The Eternal Lovers and Their Watery Fate
The massive ruins of the red sandstone Goodrich Castle, standing on a wooded, rocky spur and overlooking the tranquil waters of the River Wye, are pitted with numerous nooks, and crannies that exude an aura of tragic mystery.
The mark of history most certainly casts a long shadow over the majestic, soaring walls of Goodrich Castle. As you explore its interior you really can sense the spirits of the numerous generations who have dwelt here as you pick your way around a castle that offers one of the most complete sets of medieval domestic buildings to have survived in any English castle.
The oldest part of the fortress is the grey stone keep, built in the 12th century when Goodrich Castle was an important bastion on the border between England and Wales.
Enlarged over succeeding centuries, Goodrich Castle last saw action during the Civil War, when it became a Royalist stronghold and found itself under relentless bombardment as Cromwell’s troops attempted to breach its mighty walls by firing 200 lb cannon balls at them from the aptly named mortar, “Roaring Meg”.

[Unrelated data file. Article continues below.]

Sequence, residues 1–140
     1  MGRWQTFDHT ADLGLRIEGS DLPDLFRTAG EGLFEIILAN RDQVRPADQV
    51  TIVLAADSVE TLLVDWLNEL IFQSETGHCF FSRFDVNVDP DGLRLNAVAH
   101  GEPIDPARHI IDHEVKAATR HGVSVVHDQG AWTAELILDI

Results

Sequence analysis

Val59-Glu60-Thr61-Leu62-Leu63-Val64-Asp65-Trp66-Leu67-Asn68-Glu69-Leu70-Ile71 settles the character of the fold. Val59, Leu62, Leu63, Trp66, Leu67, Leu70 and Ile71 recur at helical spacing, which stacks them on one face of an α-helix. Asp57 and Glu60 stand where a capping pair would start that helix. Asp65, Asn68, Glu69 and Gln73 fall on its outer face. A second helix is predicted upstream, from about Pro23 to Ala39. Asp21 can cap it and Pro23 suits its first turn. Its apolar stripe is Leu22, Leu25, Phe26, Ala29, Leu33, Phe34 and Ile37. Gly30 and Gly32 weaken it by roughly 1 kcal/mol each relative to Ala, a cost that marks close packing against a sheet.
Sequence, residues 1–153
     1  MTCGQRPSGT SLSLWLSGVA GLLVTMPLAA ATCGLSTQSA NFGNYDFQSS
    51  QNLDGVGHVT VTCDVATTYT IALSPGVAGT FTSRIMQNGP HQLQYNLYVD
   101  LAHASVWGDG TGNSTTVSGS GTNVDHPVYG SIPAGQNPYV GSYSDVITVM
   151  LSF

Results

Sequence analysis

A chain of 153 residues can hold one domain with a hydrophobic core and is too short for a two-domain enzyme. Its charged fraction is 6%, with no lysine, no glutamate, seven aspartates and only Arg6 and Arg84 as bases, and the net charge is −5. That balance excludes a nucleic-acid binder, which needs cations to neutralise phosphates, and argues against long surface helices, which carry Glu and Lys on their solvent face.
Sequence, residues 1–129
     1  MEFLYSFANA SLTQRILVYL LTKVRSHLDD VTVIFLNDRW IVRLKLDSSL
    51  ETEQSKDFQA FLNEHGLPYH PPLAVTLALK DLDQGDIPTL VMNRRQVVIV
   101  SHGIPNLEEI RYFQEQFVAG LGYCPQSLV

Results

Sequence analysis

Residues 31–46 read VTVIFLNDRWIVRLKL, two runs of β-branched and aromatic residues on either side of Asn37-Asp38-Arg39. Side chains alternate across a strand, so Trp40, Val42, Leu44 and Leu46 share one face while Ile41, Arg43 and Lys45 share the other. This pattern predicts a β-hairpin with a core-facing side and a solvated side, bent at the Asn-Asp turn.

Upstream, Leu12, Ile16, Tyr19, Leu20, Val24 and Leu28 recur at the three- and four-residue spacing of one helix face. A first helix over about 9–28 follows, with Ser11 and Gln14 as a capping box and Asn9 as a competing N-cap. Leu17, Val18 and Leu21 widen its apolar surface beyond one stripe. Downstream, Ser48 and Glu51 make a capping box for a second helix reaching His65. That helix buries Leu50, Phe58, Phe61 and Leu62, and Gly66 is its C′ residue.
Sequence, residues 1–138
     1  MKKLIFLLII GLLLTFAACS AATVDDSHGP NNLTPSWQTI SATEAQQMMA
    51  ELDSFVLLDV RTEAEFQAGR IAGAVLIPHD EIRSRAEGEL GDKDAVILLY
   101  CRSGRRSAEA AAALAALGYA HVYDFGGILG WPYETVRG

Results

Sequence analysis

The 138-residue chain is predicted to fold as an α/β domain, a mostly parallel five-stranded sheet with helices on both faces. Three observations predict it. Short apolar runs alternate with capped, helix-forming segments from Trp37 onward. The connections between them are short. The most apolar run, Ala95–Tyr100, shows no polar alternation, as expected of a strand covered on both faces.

During the siege Alice Birch, the niece of a Parliamentarian officer, took refuge in the Castle with her Royalist lover, Charles Clifford. We can only guess at the feelings of anxiety that the lovers must have felt as they awaited their fate.
When it became apparent that the fortress would not be able to withstand the bombardment for much longer, Clifford and his young lover mounted his horse and, under cover of darkness, spurred the beast out of Goodrich Castle and managed to break through the Roundhead ranks.
Unfortunately, when they arrived at the muddy banks of the River Wye, they didn’t realise that heavy rains had swollen its waters.
As they attempted to cross its raging torrents, their horse lost its footing and they were swept away to their deaths.
Such was the trauma of their desperate bid for freedom that their bedraggled earth-bound wraiths have been seen on stormy nights, urging a phantom horse into the wild waters of the Wye.
On other occasions, passers-by late at night have seen their poignant spectres staring sadly from the ruined ramparts of Goodrich Castle.